Twitter can be addictive, and sometimes I tweet a celebrity here and there, you know just in case they would like a recipe I have posted on my blog. However yesterday I had a tweeting debate with a TV chef, as I thought their tweet was a bit outlandish. I’m not going to mention any names or drop hints; this is a clean post, and not a personal attack. Everyone is entitled to his or her opinion, I replied what I could, in a robust and polite manner, and this post is about my opinion.
In essence, our debate raised the question: should a cook be on TV or publish a book, if they do not have a culinary qualification?
During our tweeting, what made me sad the chef tweeted, that there are people on TV who can’t cook. Now let’s take into consideration that some people learn from experience, passion and practice, and they can still teach from what they have seen. Jamie Oliver only did a home economics course at school: he is a brilliant example of an inspirational character that has taught us without making food sound scientific, he reaches out and speaks to us the way we like. The proof of the pudding is in the eating.
Anjali Pathak told me, ‘food is an industry where there is plenty to go around, and what cooks, chefs and contestants are aiming for is get people to cook great food’. I’m not an expert in the TV industry just yet, but as a viewer I watch food programmes because they inform as well as entertain and engage me. If I wanted to be taught about any topic, I would go research online, get a book or study a course.
What I’ve learnt is that you can teach someone something, but if they don’t have a passion for it, then it’s wasted.
The question at heart is what makes anyone professional at something? When I finished university, a question my uncle asked me was 'do you want to take the experience route or study further’, this is one of the questions that many graduates are faced with.
The chef in question and I have come from different backgrounds; they went to a chef school, and I have not (and cannot afford to). The fact that they went to a well renowned school is amazing, and it has boosted their profile. The experiences and lessons from what I’m doing, is good enough, you should know I keep it real on this blog.
Let’s face it, I haven’t got a huge amount of followers on Twitter or Facebook, but everything takes time, and I still have hope. I am pursuing my passion and seeing where it will lead me, and if it doesn’t blossom into what I want, then at least I can say I gave it my best shot. I am also being experimental and not following a traditional route. For example, on this blog I have posted:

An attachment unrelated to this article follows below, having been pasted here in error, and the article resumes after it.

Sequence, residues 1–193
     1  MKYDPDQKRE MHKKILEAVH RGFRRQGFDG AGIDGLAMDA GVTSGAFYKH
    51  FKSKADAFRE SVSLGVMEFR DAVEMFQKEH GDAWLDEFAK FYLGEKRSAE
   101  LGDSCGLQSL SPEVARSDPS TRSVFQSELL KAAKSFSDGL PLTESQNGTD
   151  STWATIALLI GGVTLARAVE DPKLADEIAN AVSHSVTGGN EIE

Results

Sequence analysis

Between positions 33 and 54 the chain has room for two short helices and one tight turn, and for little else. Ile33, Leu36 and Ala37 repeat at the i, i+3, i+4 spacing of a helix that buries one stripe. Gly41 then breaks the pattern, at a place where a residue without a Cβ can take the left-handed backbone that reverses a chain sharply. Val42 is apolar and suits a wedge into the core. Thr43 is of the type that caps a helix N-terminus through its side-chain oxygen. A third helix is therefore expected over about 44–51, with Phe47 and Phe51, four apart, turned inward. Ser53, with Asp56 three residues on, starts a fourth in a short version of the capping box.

·a poem – I tried it, I now realise it’s not my thing;
·images from a photo shoot – I tried it, loved it, doing it again; and
·reviews – I like eating out, but not writing about it.
I have also worked for food PR companies – I stopped that a long time ago, as I don’t want the blog to turn away from its focus. I also plan to publish videos on my blog – I love being in front of the camera, and showing quick and easy dishes in this format.
I will keep on trying different things and learn to work my way up, because that’s what I am all about.
As with any industry there is the business side, and anyone who is anyone is competition, which is a shame in the food world, as I mentioned earlier we are ultimately trying to do the same thing. These days, my foodie contacts are widening, I am networking more and I’ve found that some people will help, while others don’t have the time. That’s cool, and yes, that’s reality. I feel disappointed that a TV chef has this sort of opinion, because as long as you think, breathe and worship food, going to chef school or even working, as a kitchen assistant shouldn’t matter. If you get a lucky break, then grab it with both hands.
Unfortunately some have worked, and paid for a course, and then found out that someone else just needed to take fewer steps, and got to a position they really wanted. To be cut throat – that’s life. At the end of the day, everyone has a different path to take, just don’t take it personally.
What I’ve learnt is that if you want something, you go for it, and not think about what other people think, or if they will follow, or believe in you. If you don’t get who you want to follow, or support you: then that’s their problem, there is plenty of love and appreciation elsewhere.
The main thing is, you have to believe in yourself. My cousins get very embarrassed when I say this to them, it only sounds good when it’s said in a film.